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Life-insurance - do you have it sorted or is it on the to-do list? Share your thoughts and ask Aviva's expert your questions - £150 high street voucher to be won - ANSWERS BACK

(154 Posts)
AnnMumsnet (MNHQ) Mon 04-Nov-13 14:33:36

We've been asked by the team at Aviva to find out if life insurance is ticked off your list of things to do, lurking at the bottom, or is something you keep meaning to get around to but never quite manage it? If you sorted it, why? If you're yet to do so, why not?

Aviva says "As parents we instinctively do everything we can to protect our children. We cover them in sun tan lotion, make them brush their teeth and take steps to keep them safe on the move. Yet, despite our best intentions, when it comes to financial matters, such as sorting out life insurance, other things often take priority. If the unthinkable happened, life insurance can help protect what matters most to your loved ones. That's why we want to make it easier for you to find out answers to your pressing questions."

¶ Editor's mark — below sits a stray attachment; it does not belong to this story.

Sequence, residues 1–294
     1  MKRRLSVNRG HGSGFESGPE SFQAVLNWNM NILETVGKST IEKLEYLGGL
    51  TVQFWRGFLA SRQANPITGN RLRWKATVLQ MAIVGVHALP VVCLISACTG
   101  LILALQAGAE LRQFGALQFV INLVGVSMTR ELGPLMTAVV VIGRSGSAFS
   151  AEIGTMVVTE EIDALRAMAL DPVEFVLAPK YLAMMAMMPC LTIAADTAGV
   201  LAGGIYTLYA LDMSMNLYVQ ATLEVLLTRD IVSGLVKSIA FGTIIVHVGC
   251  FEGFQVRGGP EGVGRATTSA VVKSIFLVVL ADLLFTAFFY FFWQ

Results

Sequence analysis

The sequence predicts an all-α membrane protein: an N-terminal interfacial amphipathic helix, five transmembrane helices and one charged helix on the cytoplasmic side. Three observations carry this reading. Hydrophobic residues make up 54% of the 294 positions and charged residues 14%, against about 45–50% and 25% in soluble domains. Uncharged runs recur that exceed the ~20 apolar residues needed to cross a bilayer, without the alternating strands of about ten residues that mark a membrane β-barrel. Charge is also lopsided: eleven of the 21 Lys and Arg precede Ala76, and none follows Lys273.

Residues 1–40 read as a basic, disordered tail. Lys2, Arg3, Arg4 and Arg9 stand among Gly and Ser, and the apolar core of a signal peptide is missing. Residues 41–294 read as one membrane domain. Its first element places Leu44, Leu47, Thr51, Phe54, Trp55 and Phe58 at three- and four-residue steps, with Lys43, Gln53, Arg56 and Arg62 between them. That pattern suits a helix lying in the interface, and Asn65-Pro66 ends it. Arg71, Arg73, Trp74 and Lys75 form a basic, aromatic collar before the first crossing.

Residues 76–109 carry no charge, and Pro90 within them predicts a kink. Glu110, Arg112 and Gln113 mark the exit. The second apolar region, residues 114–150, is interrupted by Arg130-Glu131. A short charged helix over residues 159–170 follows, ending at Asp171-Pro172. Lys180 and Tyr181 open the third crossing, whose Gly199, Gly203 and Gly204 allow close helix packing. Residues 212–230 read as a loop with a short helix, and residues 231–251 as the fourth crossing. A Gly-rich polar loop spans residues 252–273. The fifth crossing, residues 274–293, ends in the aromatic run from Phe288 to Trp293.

If you have a question about life-insurance post your questions on the thread and we'll choose some for *Aviva's expert, Louise (see image), to answer. Her responses will be posted on this thread by 18 November.

About Louise: "Louise has worked for Aviva for 24 years and, after gaining a wealth of experience across the insurance business, is now Distribution Director. She is also responsible for the marketing and communication strategy for protection. Louise is extremely passionate about families protecting themselves financially and is a dynamic spokesperson in the national press on the subject.